Ratings Key



★★★★
= Excellent. The best the genre has to offer.
★★★
1/2 = Very Good. Perhaps not "perfect," but undoubtedly a must-see.
★★★ = Good. Accomplishes what it sets out to do and does it well.
★★1/2 = Fair. Clearly flawed and nothing spectacular, but competently made. OK entertainment.
★★ = Mediocre. Either highly uneven or by-the-numbers and uninspired.
1/2 = Bad. Very little to recommend.
= Very Bad. An absolute chore to sit through.
NO STARS! = Abysmal. Unwatchable dreck that isn't even bad-movie amusing.
SBIG = So Bad It's Good. Technically awful movies with massive entertainment value.

Tuesday, July 14, 2009

Burning Hell, The (1974)

Directed by:
Ron Ormond

Throughout the 40s and 50s, director Ron Ormond (born Vittorio Di Naro) was your typical low-rent director of dubious talent who wrote, produced and/or directed dozens of forgettable low-budget B westerns starring the likes of whip-wielder Lash La Rue and James Ellison and Russell Hayden (of Hopalong Cassidy fame) for his company Western Adventures Productions. He also had worked as a stage magician, wrote books on new age medicine and psychic surgery, produced a roller derby TV show and would eventually branch out and make his very first exploitation movie, the much-hated MESA OF LOST WOMEN, in 1952, before caving in to the sex-and-violence drive-in demands of the 60s with such efforts as PLEASE DON'T TOUCH ME! (1963), WHITE LIGHTNIN' ROAD (1967) and THE MONSTER AND THE STRIPPER (1968). Afterward, Ormond survived a plane crash, became "born again," opened his own church and started churning out cheap, technically inept and borderline offensive "Christ-sploitation" efforts such as this one, which mixed preaching and trite moralizing with violence and gore. Compromise! Many of his films, whether in the name of the almighty God or the almighty dollar, were so badly made and horribly acted they've gone on to enjoy a healthy cult following.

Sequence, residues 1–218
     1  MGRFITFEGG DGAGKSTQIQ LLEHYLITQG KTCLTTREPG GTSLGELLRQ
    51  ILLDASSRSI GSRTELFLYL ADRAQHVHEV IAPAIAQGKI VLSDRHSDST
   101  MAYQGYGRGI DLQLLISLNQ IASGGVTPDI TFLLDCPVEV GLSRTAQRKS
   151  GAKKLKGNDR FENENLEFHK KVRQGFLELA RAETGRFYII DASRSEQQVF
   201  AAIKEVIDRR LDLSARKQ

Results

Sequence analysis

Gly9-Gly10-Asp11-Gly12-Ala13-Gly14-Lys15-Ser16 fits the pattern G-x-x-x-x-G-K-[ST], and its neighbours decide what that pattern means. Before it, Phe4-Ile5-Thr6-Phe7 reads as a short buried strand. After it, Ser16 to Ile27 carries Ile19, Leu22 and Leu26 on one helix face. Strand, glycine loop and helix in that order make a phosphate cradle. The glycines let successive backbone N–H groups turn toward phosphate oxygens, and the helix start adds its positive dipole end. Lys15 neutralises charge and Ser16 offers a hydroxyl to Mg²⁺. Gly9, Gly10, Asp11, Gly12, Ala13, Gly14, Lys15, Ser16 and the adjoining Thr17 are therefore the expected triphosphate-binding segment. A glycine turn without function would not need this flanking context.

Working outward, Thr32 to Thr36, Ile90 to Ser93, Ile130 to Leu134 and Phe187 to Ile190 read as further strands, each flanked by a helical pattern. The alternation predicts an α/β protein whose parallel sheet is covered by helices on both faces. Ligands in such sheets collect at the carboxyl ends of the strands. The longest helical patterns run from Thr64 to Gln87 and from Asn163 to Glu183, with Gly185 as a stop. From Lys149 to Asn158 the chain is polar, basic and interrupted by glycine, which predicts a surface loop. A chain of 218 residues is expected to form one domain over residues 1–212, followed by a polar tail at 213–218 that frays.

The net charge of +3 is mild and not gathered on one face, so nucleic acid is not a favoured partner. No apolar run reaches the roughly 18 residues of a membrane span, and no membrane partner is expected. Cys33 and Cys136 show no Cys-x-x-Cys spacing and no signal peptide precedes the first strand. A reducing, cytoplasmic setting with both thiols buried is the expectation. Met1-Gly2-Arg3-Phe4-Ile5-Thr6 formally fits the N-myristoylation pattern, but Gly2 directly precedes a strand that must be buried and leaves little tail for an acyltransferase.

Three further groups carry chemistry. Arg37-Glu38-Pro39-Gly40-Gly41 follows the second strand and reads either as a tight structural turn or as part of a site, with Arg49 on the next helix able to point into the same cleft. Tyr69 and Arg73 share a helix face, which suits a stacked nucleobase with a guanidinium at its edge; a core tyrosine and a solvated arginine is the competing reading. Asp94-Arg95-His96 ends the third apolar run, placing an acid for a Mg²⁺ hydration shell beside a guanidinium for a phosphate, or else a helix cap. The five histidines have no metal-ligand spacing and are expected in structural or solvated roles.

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THE BURNING HELL, the second in the Ormond Jesus series, was also the second collaboration between Ron and a Southern Baptist minister by the name of Estus W. Pirkle, who had himself written several books. And it's basically one long, boring, monotonous sermon with Pirkle preaching about how going to hell sucks ("Hell IS real and hot and terrible!") to his blank-eyed, nodding flock intercut with hilariously awful biblical reenactments with rednecks running around in the desert with sheets draped over their heads and scenes taking place in both heaven (ahhh!) and hell (argh!!!!). To drive home the point, a couple of young men - Tim (the director's son - Tim Ormond) and Ken (Chuck Howard) - who go to one of those "lenient" churches that doesn't try to scare their congregations meet Estus and shrugs off his warnings. They feel that just believing in Jesus will win them heaven's key. Wrong! Ken is decapitated in a motorcycle crash and ends up going to hell, while Tim eventually sees the light after attending Estus' church.